Defining Science in Africa in 2017 and Beyond

The African Academy of Sciences (AAS) and the NEPAD Planning and Coordinating (NEPAD) Agency created the Alliance for Accelerating Excellence in Science in Africa (AESA) with the support of the Wellcome Trust, the Bill & Melinda Gates Foundation and the UK’s Department for International Development (DFID). AESA is the result of Resolution 10 of the Declarations, Decisions and Resolutions of the January 2015 African Union Heads of State Summit, which created the Alliance as a platform to encourage health innovation for poor communities.

Annual update from AESA’s Director

This is the Alliance for Accelerating Excellence in Science in Africa’s (AESA’s) first annual update to report progress to our stakeholders and partners. These communications are intended to stimulate discussion and action across the continent to promote the growth of science, technology and innovation (STI), and to set the scientific agenda for Africa in 2017 and beyond.

Since AESA was launched in September 2015, it has been laser-focused on improving science on the continent. The AESA platform, in partnership with African and global institutions, is positioned to harness science to achieve Africa’s Sustainable Development Goals (SDGs). SDGs, in turn, fuel Africa’s knowledge-based economies, the foundation of economic development on the continent.

We are deeply committed to the dramatic growth of our population of world-class researchers by instilling a culture that promotes scientific leadership and excellence, improves our research infrastructure, promotes trans-disciplinary science within and among institutions, fosters development of new tools and technologies, and increases training opportunities for young scientists.

Over the past year, we have achieved some significant milestones toward our goal of becoming a major funding platform and setting the science agenda for Africa:

  • We have established new and expanded existing programmes to support the brightest scientists in Africa, working in productive environments, and fostering scientific excellence, leadership and innovation that address health and developmental challenges.
    • At the 2017 World Economic Forum in Davos, we and our partners announced the creation of the Coalition for Research and Innovation (CARI), an alliance of African science leaders, international funders, private corporations and philanthropists who have joined forces to catalyse investment in research and innovation. CARI partners will coalesce to better coordinate spending and support regional science initiatives like AESA and Planet Earth Institute.
  • We continue to invest, with our partners, US$150 million in research and innovation on the continent.
    • In partnership with the Bill & Melinda Gates Foundation, we launched Grand Challenges Africa (GCA) Innovation Seed Grants. Grants will be awarded to projects with solutions and strategies to reduce maternal, newborn and child deaths in Africa, as well as those that have proposed creative communication strategies to inspire African governments to fund research and development.
  • The Good Financial Grant Practice (GFGP) programme facilitates transparency, accountability and good stewardship of grants, ensuring that every dollar meant to support science in Africa is responsibly spent.
  • AESA’s vibrancy and productivity as it emerges as a leader in African science has attracted a dynamic team of people who have built world-class systems and policies to develop, expand and manage our organisation and programmes. The AESA community includes eminent reviewers and advisers, financial and grant management officers, and monitoring and evaluations teams.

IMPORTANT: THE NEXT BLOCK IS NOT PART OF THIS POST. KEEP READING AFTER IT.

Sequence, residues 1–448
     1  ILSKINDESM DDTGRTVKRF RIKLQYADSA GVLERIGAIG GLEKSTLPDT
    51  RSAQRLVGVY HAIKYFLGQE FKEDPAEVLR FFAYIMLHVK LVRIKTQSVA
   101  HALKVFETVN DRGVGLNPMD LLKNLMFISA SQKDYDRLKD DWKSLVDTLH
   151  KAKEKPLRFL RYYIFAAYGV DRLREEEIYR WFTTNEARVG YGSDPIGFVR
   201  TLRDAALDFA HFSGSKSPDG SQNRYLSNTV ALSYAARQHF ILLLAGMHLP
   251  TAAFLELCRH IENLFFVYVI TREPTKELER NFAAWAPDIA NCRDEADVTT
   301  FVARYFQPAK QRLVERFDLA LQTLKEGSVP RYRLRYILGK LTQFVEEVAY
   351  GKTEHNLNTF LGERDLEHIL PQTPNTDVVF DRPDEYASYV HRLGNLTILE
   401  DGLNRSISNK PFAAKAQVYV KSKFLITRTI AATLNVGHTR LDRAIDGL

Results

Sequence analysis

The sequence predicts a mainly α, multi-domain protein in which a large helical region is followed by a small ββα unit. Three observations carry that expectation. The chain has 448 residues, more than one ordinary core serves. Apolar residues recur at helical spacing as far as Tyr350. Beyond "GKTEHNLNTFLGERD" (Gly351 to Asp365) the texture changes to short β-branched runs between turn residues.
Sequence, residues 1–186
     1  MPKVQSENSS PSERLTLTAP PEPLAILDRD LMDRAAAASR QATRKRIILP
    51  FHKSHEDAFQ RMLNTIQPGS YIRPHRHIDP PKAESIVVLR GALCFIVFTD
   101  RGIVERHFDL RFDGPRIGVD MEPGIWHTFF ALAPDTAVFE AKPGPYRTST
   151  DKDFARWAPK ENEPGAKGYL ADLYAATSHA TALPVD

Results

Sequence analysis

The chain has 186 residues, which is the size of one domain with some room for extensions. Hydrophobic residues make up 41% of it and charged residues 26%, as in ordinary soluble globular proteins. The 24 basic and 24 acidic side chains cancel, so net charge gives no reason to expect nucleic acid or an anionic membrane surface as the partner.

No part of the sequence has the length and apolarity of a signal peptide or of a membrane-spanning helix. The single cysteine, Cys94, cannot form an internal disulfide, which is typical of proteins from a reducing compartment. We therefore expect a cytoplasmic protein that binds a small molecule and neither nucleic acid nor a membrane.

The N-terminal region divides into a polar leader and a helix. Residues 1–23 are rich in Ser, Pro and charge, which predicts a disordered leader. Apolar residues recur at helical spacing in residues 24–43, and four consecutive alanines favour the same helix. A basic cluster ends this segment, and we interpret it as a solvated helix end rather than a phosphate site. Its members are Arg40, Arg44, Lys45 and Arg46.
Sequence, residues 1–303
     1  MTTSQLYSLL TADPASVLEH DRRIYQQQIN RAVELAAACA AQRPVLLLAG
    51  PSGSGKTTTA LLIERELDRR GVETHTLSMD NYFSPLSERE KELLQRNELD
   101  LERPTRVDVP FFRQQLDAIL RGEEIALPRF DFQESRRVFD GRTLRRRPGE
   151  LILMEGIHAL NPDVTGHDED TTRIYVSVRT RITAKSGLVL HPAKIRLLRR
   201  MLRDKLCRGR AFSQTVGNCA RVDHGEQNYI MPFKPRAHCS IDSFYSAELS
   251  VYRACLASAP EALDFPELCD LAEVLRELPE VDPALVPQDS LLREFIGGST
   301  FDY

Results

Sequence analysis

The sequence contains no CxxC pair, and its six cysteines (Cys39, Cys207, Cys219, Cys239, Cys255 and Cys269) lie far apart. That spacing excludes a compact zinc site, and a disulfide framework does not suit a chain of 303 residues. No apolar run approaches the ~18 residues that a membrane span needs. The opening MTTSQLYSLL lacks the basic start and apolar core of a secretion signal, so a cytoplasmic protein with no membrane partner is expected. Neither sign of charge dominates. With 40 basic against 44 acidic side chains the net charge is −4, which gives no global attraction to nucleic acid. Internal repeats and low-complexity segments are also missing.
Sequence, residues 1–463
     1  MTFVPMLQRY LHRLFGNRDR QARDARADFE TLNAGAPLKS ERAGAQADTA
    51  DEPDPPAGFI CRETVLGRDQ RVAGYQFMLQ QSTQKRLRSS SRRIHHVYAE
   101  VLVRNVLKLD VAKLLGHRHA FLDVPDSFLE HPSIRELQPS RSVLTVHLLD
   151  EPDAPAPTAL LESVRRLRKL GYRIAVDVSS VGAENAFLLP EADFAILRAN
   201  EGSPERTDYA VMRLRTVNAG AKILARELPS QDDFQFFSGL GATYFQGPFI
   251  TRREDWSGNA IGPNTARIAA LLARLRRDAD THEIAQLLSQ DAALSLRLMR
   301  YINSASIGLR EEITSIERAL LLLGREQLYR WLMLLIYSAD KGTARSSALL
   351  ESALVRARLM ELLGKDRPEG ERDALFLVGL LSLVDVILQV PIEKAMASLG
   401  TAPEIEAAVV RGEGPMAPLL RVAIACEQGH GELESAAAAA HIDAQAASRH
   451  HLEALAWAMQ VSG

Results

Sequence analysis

• Early-career climate scientists receive training through the Climate Impact Research Capacity and Leadership Enhancement (CIRCLE) fellowship programme, which provides research and career development for the next generation of climate science leaders.
  • In partnership with the NEPAD Agency, we are developing a 15-year Africa Health Research Strategy to define the continental priorities in health research. We are also assessing Africa’s STI landscape, the results of which will be compiled into a report detailing opportunities and challenges for growth.
  • AESA is expanding programmes into new science frontiers, including precision medicine and stem cell research to address infectious and non-communicable diseases.
  • We are developing strategies to address Science, Technology, Engineering and Mathematics (STEM) education and encouraging trans- and interdisciplinary approaches to problem solving at the nexus of health, food, water, sanitation and climate sciences in Africa.
DELTAS Africa grantees at their first annual meeting held in Nairobi in 2016

October, 2016
The Wellcome Trust handed over the management and leadership of two of its programmes– Developing Excellence in Leadership, Training and Science (DELTAS) Africa and Human Heredity and Health in Africa (H3Africa) – to AESA. This represents a significant change in the relationship between African science management and international funders and is a resounding endorsement from a large global funder of AESA’s success in developing local leadership, thus moving the centre of gravity of African science where it belongs: in Africa.

AESA is in discussions with other funders interested in following the lead of the Wellcome Trust in order to empower African researchers and their institutions to manage their own grants and set their own agendas, establishing a new era of partnership between Africa and global organisations.

AESA was established to disrupt the status quo and to ensure that Africa takes ownership and leadership in shaping the destiny of African science. Our programmes train scientists, help them build their careers, and provide the infrastructure they need to conduct quality research.